Saturday, September 08, 2018

Reading Religion’s Review of The Biblical Canon Lists

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James E. Walters tweeted at me that his review of The Biblical Canon Lists from Early Christianity: Texts and Analysis (OUP, 2018) has been posted at Reading Religion. You can read his review here. He thinks the book is generally good and useful:
This volume provides an accessible collection of “lists” of biblical books from early Christian and Jewish sources. The lists are provided in original texts (primarily Greek and Latin, though also one Syriac and one Rabbinic Aramaic) and also translation. Each list is also accompanied by a brief introduction as well as thorough notes on issues of translation and interpretation. As such, the editors have compiled a very useful collection of texts that will be of intrinsic interest and value to anyone who works on questions of canon formation in early Christianity (and to a lesser extent in early Judaism).
His concluding paragraph is also positive, though he notes some concerns:
With these concerns in mind, this book is a valuable compendium of sources and summaries of scholarship pertaining to the history of the formation of the biblical canons. In addition to texts and translations (most of which are taken from previous publications), the entries include convenient references to previous studies of each canon list included, so this book can serve as a valuable reference to students and researchers at all levels.
Walters expressed concern over how Ed Gallagher and I (1) treated the dating of the Muratorian Fragment in ch. 1 (“the careful reader will note that in the first chapter the Muratorian Fragment is generally supplied as evidence for ‘early’ canonical status for various books”), even though he said our treatment of the problem of date in the section on MF in ch. 4 of the book was “even-handed and diplomatic”; (2) our definition of “canon list” (but more precisely, “The editors then immediately claim that this definition fits ‘most of the lists’ in the volume, an admission that already clues the reader into the fact that some of the included lists may not necessarily meet these criteria.”); (3) our inclusion of Josephus’s statement on the 22 books in his Against Apion; (4) the inclusion of chapter six on whole bible MSS left Walters puzzled, “Thus, it remains unclear exactly how this chapter contributes to the volume.”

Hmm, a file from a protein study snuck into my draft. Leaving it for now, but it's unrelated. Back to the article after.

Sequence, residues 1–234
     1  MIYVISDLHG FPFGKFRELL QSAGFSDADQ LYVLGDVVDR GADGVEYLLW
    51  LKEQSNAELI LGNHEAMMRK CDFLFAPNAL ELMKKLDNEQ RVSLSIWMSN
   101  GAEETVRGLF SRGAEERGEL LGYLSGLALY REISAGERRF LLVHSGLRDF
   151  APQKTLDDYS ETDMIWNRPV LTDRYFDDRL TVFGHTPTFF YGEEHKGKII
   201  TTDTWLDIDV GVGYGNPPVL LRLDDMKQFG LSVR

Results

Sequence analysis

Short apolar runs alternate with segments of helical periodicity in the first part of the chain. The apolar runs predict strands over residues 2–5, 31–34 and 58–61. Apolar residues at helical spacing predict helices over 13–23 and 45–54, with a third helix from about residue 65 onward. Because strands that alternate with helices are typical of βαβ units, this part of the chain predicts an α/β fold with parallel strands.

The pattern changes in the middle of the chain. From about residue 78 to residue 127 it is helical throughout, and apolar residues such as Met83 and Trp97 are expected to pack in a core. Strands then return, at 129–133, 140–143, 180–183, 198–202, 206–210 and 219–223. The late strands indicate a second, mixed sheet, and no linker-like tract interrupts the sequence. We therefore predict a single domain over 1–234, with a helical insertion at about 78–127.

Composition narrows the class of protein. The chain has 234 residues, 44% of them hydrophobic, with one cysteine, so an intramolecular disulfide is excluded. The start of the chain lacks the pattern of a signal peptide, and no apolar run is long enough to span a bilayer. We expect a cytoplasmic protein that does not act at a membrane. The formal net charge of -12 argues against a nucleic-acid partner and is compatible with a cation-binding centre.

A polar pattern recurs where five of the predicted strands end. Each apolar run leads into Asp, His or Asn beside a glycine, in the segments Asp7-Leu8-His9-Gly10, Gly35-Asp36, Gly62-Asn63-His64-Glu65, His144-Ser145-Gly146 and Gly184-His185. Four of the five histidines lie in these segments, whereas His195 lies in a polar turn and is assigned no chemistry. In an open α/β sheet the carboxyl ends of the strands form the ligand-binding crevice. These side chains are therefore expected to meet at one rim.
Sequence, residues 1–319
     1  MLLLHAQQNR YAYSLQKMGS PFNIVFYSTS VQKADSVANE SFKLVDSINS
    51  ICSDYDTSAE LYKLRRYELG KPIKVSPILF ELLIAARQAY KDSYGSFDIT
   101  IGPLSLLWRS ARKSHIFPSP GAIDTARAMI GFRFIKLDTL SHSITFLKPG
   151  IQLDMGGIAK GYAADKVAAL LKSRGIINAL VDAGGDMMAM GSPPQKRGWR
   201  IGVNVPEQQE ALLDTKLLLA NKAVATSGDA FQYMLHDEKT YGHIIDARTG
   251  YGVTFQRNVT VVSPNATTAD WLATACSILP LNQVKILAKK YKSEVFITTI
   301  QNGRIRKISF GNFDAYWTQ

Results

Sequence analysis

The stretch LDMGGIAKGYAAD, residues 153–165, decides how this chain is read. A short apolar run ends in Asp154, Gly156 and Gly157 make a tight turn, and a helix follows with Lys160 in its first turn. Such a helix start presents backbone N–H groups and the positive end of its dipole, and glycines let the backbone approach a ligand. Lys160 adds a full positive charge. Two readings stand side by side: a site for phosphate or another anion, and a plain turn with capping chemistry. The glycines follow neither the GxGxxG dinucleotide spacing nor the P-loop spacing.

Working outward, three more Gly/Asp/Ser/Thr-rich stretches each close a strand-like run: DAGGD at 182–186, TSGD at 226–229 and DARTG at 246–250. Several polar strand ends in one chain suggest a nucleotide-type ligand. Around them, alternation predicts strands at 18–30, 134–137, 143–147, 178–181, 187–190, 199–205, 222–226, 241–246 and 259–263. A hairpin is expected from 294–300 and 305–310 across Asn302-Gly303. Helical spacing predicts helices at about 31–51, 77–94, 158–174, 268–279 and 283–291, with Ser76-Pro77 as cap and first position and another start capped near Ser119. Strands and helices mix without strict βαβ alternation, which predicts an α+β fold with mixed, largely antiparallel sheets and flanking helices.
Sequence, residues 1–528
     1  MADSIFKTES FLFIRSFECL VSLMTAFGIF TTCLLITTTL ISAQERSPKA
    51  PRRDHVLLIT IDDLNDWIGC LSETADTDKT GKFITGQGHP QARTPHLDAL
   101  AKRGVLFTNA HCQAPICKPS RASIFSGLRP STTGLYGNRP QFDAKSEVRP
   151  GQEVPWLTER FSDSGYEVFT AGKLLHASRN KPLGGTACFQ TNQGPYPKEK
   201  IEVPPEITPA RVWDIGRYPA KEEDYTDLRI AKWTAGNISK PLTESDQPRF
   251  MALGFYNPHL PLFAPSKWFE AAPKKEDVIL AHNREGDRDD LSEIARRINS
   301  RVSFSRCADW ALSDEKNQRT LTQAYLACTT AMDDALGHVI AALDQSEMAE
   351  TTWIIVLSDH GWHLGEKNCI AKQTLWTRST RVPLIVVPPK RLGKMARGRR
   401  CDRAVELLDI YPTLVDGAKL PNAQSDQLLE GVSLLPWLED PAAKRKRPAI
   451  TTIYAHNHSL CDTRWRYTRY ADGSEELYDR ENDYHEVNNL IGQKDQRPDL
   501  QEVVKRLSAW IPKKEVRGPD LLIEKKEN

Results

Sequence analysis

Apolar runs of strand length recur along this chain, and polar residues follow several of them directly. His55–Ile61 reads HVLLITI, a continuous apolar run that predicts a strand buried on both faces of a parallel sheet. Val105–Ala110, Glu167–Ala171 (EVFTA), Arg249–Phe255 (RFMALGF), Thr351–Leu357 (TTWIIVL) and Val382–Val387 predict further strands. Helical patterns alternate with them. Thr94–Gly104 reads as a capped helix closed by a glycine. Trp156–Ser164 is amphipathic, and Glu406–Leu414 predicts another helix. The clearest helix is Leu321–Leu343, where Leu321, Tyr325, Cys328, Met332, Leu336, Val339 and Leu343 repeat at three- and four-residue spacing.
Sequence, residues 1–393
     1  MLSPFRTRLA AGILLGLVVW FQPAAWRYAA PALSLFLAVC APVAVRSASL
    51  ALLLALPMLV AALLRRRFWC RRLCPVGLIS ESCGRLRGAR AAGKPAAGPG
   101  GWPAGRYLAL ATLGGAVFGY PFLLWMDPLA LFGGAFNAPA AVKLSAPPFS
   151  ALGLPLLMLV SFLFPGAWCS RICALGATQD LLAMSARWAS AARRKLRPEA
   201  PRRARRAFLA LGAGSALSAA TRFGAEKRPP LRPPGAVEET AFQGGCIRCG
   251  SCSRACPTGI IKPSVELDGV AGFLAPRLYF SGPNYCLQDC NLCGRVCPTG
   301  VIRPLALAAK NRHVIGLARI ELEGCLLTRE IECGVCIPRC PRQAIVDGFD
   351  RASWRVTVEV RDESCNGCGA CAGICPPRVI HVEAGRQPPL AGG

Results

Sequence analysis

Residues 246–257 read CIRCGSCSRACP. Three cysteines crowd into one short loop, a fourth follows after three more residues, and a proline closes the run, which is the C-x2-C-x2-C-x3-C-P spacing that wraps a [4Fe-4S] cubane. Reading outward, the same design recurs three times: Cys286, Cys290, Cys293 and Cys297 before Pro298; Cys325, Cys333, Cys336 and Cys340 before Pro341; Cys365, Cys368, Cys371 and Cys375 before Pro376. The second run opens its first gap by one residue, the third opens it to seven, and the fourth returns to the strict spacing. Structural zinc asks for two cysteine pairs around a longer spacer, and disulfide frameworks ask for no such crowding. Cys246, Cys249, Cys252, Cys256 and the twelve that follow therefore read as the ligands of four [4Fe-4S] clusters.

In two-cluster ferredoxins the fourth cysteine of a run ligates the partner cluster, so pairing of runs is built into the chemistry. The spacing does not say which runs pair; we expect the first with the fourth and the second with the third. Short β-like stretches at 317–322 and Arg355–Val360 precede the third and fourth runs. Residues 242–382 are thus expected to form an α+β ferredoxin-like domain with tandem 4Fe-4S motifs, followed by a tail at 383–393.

Walters’s review was generally positive, and there is no need to respond to each of his concerns here, except only to note that in the book we did mention many of them ourselves. For example, regarding Josephus on p. xiii, we said:
Our description of a canon list as the list of books that an author or council considered canonical should be nuanced when considering certain lists. We have included a passage from Josephus often labelled the first Jewish canon list, but anyone reading the passage will be disappointed to find that Josephus fails to list the books, and his account—while it affords us a great deal of certainty on the majority of writings that made up his collection of twenty-two sacred books—is not so precise that we can have complete assurance that we know the contents of his canon.
And on p. 63, we said:
Since Josephus does not list the exact contents of the books in his canon list, we only list his headings and brief descriptions of the types of works within the twenty-two books. Scholars have attempted to reconstruct Josephus’s list, and these conjectures are presented below...
Apparently, our cautions won’t satisfy everyone, but thank you, James, for writing a thoughtful and fair review of our book!

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